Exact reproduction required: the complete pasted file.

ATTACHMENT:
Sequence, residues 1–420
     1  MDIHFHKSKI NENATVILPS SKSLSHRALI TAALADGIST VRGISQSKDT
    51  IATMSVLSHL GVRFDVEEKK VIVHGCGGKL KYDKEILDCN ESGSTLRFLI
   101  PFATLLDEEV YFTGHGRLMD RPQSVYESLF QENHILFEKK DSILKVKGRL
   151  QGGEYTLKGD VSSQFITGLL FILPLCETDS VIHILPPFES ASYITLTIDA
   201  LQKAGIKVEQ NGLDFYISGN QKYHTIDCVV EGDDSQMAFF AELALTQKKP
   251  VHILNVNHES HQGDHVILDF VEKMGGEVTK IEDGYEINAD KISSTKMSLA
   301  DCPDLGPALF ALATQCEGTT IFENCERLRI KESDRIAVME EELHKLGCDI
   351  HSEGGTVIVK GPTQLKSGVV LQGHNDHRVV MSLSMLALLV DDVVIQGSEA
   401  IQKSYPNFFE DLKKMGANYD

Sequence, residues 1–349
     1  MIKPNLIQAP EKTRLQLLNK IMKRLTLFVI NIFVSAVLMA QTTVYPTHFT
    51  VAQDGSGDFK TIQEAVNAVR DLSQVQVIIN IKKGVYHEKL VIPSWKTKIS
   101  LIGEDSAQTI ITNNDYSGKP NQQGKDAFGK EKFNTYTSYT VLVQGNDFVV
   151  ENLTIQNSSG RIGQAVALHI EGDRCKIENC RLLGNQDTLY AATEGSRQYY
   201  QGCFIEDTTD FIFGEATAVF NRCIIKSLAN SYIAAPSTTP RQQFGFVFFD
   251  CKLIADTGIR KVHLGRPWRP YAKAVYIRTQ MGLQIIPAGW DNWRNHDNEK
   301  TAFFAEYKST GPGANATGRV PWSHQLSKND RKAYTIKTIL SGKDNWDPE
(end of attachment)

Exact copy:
Sequence, residues 1–420
     1  MDIHFHKSKI NENATVILPS SKSLSHRALI TAALADGIST VRGISQSKDT
    51  IATMSVLSHL GVRFDVEEKK VIVHGCGGKL KYDKEILDCN ESGSTLRFLI
   101  PFATLLDEEV YFTGHGRLMD RPQSVYESLF QENHILFEKK DSILKVKGRL
   151  QGGEYTLKGD VSSQFITGLL FILPLCETDS VIHILPPFES ASYITLTIDA
   201  LQKAGIKVEQ NGLDFYISGN QKYHTIDCVV EGDDSQMAFF AELALTQKKP
   251  VHILNVNHES HQGDHVILDF VEKMGGEVTK IEDGYEINAD KISSTKMSLA
   301  DCPDLGPALF ALATQCEGTT IFENCERLRI KESDRIAVME EELHKLGCDI
   351  HSEGGTVIVK GPTQLKSGVV LQGHNDHRVV MSLSMLALLV DDVVIQGSEA
   401  IQKSYPNFFE DLKKMGANYD

Sequence, residues 1–349
     1  MIKPNLIQAP EKTRLQLLNK IMKRLTLFVI NIFVSAVLMA QTTVYPTHFT
    51  VAQDGSGDFK TIQEAVNAVR DLSQVQVIIN IKKGVYHEKL VIPSWKTKIS
   101  LIGEDSAQTI ITNNDYSGKP NQQGKDAFGK EKFNTYTSYT VLVQGNDFVV
   151  ENLTIQNSSG RIGQAVALHI EGDRCKIENC RLLGNQDTLY AATEGSRQYY
   201  QGCFIEDTTD FIFGEATAVF NRCIIKSLAN SYIAAPSTTP RQQFGFVFFD
   251  CKLIADTGIR KVHLGRPWRP YAKAVYIRTQ MGLQIIPAGW DNWRNHDNEK
   301  TAFFAEYKST GPGANATGRV PWSHQLSKND RKAYTIKTIL SGKDNWDPE